30.  We conclude that Russian opposition to US ballistic missile defence (BMD) plans in Central Europe largely reflects Moscow's sensitivity about the presence of NATO infrastructure in its former satellite states. As such, Russian opposition will be hard to overcome. We welcome signs that the US, Russia and the NATO allies may be engaging in a more substantive dialogue and search for cooperation on BMD. As long as it remains committed to the US BMD plans, we recommend that the Government seek ways to build cooperation around them, both within NATO and with Russia, so that they do not become a source of further divisions in Europe. (Paragraph 273)

31.  We regret the manner and timing of the Government's announcement that RAF Menwith Hill is to participate in the US ballistic missile defence (BMD) system, and the resulting lack of Parliamentary debate on the issue. In its response to this Report, we recommend that the Government inform us of the date on which it received the formal proposal from the US to include Menwith Hill in the BMD system. We recommend that there should be a full Parliamentary debate on these proposals. (Paragraph 275)

32.  We are concerned by Russia's decision to suspend its participation in the Conventional Forces in Europe Treaty with effect from mid-December 2007. We recommend that in its response to this Report, the Government provide us with its assessment of the practical and political impact of Russia's step. We further recommend that the Government update us on the steps it is taking to encourage Russia to fulfil its Istanbul commitments. (Paragraph 285)

33.  We recommend that in its response to this Report, the Government provide us with its assessment of the likelihood and possible implications of a renunciation by Russia of the Intermediate-Range Nuclear Forces Treaty. (Paragraph 290)

34.  We recommend that in its response to this Report, the Government share with us its assessment of the likelihood of Moscow retargeting its strategic missile forces if the US ballistic missile defence deployment in Europe goes ahead. (Paragraph 295)

35.  We welcome the Government's appreciation of the importance of the NATO-Russia Council. We conclude that the body has the potential to become a much more effective forum for ongoing security consultations between Russia and the West, and we recommend that the Government work with its partners to exploit its full potential. (Paragraph 298)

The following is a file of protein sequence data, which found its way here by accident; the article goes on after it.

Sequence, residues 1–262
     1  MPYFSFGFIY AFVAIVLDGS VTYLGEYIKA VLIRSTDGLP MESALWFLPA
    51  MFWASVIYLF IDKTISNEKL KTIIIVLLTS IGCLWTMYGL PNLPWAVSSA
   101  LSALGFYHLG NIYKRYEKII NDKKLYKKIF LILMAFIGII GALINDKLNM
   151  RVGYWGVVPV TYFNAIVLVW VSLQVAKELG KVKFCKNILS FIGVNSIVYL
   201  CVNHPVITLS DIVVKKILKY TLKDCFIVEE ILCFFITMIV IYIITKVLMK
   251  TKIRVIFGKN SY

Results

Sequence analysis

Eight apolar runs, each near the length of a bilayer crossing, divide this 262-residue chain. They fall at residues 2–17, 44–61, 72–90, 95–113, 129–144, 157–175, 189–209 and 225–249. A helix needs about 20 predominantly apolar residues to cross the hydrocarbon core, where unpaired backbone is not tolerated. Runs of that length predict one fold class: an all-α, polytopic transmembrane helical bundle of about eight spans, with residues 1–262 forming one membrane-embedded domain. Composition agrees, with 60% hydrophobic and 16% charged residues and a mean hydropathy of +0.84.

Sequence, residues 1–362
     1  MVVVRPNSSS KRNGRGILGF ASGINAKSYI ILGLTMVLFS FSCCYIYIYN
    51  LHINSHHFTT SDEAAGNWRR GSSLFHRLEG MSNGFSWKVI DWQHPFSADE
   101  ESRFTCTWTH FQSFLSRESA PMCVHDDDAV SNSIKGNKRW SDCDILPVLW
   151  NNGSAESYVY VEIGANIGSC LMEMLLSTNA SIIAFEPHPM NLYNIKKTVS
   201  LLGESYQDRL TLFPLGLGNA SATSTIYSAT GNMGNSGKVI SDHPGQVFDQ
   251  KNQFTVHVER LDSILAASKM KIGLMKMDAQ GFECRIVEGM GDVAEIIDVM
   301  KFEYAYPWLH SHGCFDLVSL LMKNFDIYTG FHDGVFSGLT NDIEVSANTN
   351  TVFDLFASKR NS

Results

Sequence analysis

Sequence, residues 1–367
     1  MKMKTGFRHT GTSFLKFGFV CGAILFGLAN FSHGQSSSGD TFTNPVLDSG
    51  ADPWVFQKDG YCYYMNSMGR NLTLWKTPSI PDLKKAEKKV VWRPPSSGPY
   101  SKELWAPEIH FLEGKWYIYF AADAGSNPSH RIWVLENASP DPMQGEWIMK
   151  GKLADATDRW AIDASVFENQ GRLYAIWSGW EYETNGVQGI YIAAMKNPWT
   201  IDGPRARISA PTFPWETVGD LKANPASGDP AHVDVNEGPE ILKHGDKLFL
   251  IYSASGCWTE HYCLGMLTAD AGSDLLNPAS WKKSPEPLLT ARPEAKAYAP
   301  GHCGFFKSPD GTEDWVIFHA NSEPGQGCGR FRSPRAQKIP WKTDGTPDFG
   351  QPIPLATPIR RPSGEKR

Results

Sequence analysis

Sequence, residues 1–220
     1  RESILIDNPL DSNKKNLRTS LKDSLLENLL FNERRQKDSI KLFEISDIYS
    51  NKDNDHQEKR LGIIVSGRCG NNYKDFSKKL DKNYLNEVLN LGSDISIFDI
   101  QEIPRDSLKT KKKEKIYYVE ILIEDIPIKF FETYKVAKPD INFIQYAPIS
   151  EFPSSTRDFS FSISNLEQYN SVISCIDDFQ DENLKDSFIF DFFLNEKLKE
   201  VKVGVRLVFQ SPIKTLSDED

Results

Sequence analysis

36.  In the perspective of the country's NATO membership aspirations, we recommend that the Government continue to encourage Georgia to resolve its internal conflicts and to develop more stable relations with Russia. (Paragraph 301)

International security issues

37.  We regard Russia's willingness to export arms to destinations where they are likely to exacerbate conflict and human rights violations as unhelpful to international security. We are concerned about the profound lack of transparency which surrounds Russian arms sales and which heightens international suspicions of Russia's behaviour in this field. Given the scale of Russian production and export, we are of the view that conventional arms control initiatives supported by the UK cannot be fully effective without Russian participation. We recommend that the FCO consider ways in which it could include activities on arms trade transparency in its programme work in Russia. We further recommend that the FCO continue to seek to win Russian support for the Arms Trade Treaty, as a potentially important expression of Russia's desired status as a respected and responsible international power. We also recommend that in its response to this Report the Government update us on progress regarding Russian support for the Arms Trade Treaty following the 2007 UN General Assembly session. (Paragraph 314)

38.  We welcome Russia's participation so far in international anti-proliferation efforts regarding North Korea and Iran, and Russia's willingness to be represented by the EU High Representative in international efforts to encourage Tehran to abandon uranium enrichment. To maximise prospects of winning Russian support for the strengthened sanctions against Iran which it seeks, we recommend that the Government work to bring closer together the Western and Russian assessments of the Iranian nuclear threat. We further recommend that the Government do all it can to encourage Russia to use its leverage over Iran in the interests of the latter's compliance with its nuclear obligations. (Paragraph 328)

39.  We conclude that the UK's Global Partnership programme is making a significant contribution to reducing security risks from WMD materials in Russia. We welcome Russia's growing financial contribution to the programme. We recommend that the Government continue to work, with due regard to legitimate Russian sensitivities, to overcome the lack of transparency that is impeding further progress in some areas. We recommend that the Government explore ways of further enhancing re-employment prospects for Russian nuclear scientists. We further recommend that, in common with its G8 partners, including Russia, the Government start to consider options for the post-2012 period that will allow any remaining Global Partnership work in Russia to continue. (Paragraph 336)

40.  Given our position, stated in our recent Report on the Middle East, that the Government should consider ways of engaging with moderate elements in Hamas, we recommend that the Government explore whether Russia's contacts with Hamas could be a useful channel to pursue. (Paragraph 342)


 
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Prepared 25 November 2007